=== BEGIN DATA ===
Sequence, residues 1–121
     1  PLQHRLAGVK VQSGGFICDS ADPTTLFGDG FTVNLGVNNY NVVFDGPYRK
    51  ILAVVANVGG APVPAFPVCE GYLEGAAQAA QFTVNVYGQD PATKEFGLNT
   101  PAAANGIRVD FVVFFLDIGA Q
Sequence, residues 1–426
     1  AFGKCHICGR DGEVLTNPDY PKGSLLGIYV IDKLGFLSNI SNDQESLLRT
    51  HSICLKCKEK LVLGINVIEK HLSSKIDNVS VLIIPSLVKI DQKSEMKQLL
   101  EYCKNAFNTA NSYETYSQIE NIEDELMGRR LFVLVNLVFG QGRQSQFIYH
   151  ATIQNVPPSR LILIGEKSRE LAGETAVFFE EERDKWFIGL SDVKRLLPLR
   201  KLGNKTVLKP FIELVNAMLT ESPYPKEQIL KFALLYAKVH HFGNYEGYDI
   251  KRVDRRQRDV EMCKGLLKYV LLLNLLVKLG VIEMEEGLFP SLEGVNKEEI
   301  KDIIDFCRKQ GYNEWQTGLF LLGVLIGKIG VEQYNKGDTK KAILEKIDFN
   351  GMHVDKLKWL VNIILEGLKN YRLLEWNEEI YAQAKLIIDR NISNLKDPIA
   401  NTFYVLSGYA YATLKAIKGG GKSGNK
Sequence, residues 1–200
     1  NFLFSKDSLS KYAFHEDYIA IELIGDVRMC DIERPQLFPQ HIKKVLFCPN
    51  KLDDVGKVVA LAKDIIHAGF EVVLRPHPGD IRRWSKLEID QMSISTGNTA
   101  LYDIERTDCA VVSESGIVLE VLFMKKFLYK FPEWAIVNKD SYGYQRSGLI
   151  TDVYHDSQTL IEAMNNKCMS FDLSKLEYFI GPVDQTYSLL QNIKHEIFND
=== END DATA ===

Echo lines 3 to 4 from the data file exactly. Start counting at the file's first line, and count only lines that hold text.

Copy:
    51  ILAVVANVGG APVPAFPVCE GYLEGAAQAA QFTVNVYGQD PATKEFGLNT
   101  PAAANGIRVD FVVFFLDIGA Q